Where Did the Government Go?

Staff Editorial

With the government starting back up, many question the point of the shutdown at all , especially over such a little matter, considering the bigger picture. Credit: mctcampus.com
With the government starting back up, many question the point of the shutdown at all ,
especially over such a little matter, considering the bigger picture. Credit: mctcampus.com

The National Parks and Monu­ments were shut down, government workers were temporarily laid off, anything and everything having re­lating to government came to a halt. Why did this happen? Well, do you remember when you were five years old and you and your friend got into an argument over who’s cray­ons belong to who and then you just stopped talking because nobody was getting his/her way? This is essen­tially the case with the government shutdown. Our government could not come to an agreement over the budget, the Senate wanted it one way and the House wanted it another way. So, they shutdown until they could work something out.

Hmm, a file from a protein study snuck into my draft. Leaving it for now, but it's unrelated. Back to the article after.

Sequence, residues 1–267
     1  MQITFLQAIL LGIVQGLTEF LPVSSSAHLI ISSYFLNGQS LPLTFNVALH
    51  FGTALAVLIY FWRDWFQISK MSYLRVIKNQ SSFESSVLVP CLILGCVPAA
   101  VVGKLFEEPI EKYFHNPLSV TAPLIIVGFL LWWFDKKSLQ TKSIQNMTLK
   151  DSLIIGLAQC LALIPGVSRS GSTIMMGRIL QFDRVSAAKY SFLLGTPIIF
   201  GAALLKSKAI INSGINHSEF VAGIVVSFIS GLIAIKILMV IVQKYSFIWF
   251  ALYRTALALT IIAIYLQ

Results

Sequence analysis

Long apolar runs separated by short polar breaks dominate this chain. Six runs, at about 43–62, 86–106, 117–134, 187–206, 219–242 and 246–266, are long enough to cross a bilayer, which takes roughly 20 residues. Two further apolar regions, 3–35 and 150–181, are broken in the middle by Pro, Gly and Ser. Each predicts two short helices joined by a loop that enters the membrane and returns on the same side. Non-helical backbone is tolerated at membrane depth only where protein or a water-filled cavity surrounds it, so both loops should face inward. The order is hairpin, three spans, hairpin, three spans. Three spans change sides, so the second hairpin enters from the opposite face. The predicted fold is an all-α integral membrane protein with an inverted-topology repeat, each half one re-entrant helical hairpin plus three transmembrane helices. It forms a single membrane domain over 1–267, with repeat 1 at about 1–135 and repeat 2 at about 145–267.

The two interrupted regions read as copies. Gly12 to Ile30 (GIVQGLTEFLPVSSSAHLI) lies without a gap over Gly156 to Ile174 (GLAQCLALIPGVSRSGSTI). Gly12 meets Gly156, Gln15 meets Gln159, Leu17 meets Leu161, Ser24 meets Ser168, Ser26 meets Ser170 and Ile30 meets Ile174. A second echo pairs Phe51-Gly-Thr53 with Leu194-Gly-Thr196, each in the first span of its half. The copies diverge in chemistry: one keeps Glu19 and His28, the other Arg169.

The consequences were wide-spread and felt by a majority of peo­ple. In one case, a couple who was supposed to be married at Yosemite could not have their wedding be­cause the park was shutdown due to the government situation. In an­other more drastic case, the bodies of American soldiers who were killed in Afghanistan could not be shipped home and the funeral preparations could not be started because the gov­ernment provides the money for all of it to take place. At a local level, students found a new excuse for not doing their homework: the govern­ment shutdown my site.

Americans who had nothing to do with the government, no involve­ment, no say, were affected by the tantrum the government threw. How is it fair that the lives of everyday Americans and of soldiers fighting for our country be changed because the government could not communi­cate? Simply put, it is not fair.

Communication is the key to life and getting along, maybe it’s time the government learned that too.

Six of six managing staff members agree with this editorial.

 

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